One of core aspects of being a manager is to coach and empower others. When you delegate you give someone else the chance to grow.
Why is it so important to delegate
Simply put, it saves time in the long run and grows others. Think of the following scenario: You need to create the plan for next quarter activities. You can seat down, think about it, draft something, and publish it once you are satisfied with it. But what would happen if you’d say “Please create a plan for the next quarter activities, our goal is to increase sells by 10%” and delegate the actual planning to one of your direct reports? I frees you to do something else, preferably something only you can do, and builds the planning skills of that individual.
Before we dive a bit into how to delegate and to who, I’d like to highlight one critical point.
Delegation is not task assignment
What is the difference you ask? The critical distinction is that assignment is task-oriented, while delegation is results-oriented. Look at the example above. A task assignment would be “write a plan for next quarter activities” that would lead to a back and forth discussion of what are our goals and how would they become a plan. While a delegated task outlines the goal and lets the person who got delegated to figure out how to do the task. As long as the plan that was produced supports the goal of increasing sells by 10% it was done well. The next phase would be to execute the plan and see if it indeed increased sells by 10%, but that in another step outside the scope of this delegated work.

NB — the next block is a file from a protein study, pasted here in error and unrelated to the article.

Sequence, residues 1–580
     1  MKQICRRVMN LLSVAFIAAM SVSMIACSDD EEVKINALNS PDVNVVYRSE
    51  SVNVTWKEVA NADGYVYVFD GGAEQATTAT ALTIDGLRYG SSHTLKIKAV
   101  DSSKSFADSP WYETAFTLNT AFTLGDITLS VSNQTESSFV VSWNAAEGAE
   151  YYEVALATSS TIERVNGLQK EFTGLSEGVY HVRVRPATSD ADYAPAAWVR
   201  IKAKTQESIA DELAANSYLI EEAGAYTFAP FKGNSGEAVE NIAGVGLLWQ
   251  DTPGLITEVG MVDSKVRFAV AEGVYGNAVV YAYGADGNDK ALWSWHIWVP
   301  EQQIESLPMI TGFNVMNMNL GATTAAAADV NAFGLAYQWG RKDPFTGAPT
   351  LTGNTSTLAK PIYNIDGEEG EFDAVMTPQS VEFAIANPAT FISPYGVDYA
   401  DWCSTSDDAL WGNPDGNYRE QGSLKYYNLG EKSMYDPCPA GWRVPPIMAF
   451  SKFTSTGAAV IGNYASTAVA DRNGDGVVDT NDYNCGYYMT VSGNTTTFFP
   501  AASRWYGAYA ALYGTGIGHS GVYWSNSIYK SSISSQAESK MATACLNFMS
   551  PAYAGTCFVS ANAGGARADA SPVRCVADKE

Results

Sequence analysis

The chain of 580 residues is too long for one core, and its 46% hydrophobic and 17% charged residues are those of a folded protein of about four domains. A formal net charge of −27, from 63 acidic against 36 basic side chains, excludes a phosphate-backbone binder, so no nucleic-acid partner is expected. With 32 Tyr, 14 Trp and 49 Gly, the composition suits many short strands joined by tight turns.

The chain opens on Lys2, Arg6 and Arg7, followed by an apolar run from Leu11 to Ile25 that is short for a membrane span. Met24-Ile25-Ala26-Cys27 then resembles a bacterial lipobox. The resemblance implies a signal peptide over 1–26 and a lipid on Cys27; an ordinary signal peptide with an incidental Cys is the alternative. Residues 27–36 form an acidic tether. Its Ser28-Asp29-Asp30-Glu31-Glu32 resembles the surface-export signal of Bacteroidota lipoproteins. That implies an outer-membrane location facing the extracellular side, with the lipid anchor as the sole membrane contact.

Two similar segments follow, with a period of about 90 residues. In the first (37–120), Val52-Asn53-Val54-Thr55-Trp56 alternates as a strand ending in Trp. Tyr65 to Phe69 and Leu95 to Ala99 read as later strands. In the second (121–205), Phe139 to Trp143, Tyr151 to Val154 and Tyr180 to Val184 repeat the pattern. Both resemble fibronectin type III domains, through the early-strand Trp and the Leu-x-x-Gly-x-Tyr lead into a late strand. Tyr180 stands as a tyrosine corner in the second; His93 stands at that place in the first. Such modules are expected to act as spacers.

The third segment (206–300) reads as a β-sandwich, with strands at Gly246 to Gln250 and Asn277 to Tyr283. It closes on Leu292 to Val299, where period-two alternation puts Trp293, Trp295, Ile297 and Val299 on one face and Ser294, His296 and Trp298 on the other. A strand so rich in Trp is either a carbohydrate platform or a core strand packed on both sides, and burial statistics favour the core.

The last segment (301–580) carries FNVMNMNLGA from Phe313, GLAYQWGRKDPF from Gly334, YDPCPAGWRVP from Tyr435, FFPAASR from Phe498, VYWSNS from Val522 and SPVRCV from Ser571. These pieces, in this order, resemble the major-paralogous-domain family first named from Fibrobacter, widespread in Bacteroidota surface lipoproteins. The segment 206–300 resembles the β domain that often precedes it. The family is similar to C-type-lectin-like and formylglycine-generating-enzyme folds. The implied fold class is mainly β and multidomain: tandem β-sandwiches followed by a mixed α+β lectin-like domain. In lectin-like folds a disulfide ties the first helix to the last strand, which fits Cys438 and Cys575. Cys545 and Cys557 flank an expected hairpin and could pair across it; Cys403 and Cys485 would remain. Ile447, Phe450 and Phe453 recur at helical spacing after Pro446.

Why people do not delegate
There are many reasons and I will list some.
- Not enough time
This is one of the most common excuses not to delegate, usually in the form of “I can do it on my own in 50% of the time it will take to explain the task and later review it”, another common one is
- I can do it better
That usually comes with the excuse of not enough time.
- Loss of control
Some managers feel like once they delegate, they will lose control over the work that is being done. There are two special cases of losing control
- Losing tasks you enjoy
- Delegate yourself out of the job
All three types of Control loss stem from the same source, the inability to understand that the success of the team is the managers success. Implementing decent ways to review and provide feedback on the work done helps gain the sense of control.
Another problematic issue that stems from the same source is the fear of
- not getting credit
Which also blocks delegation.
The last one is
- Trust issues
Where you do not have enough confidence in your team’s ability to deliver.
Who should you delegate to
You should delegate to the person that has the skills and expertise to do the task at hand, and provide training for them to do it well. Choosing the right person can be tricky and might lead to issues with other team members not selected to do the work. Choosing wisely can be critical for the timeline and completion of the task.
How to delegate
As delegation is result-oriented always begin with the desired outcome. Describe the expected deliverable but do not dive into exactly how you fulfill the task. You should provide some training, as very few people in the world know how to do something they have never done before without being trained for it, but keep yourself from getting into micromanagement.
Clearly clarify the timeline, constraints and other limiting factors. A common issue when delegating is mismatching responsibility with authority. If you give someone a responsibility, they need to have the authority to execute it.
The last part of successful delegation is keeping control. You need to clarify what are the checkpoints, and review progress and submitted work. They all should be agreed upon with the delegate, and should be clear when and how they are done. Make sure over and over you are in the sweat spot of in control and out of micromanagement.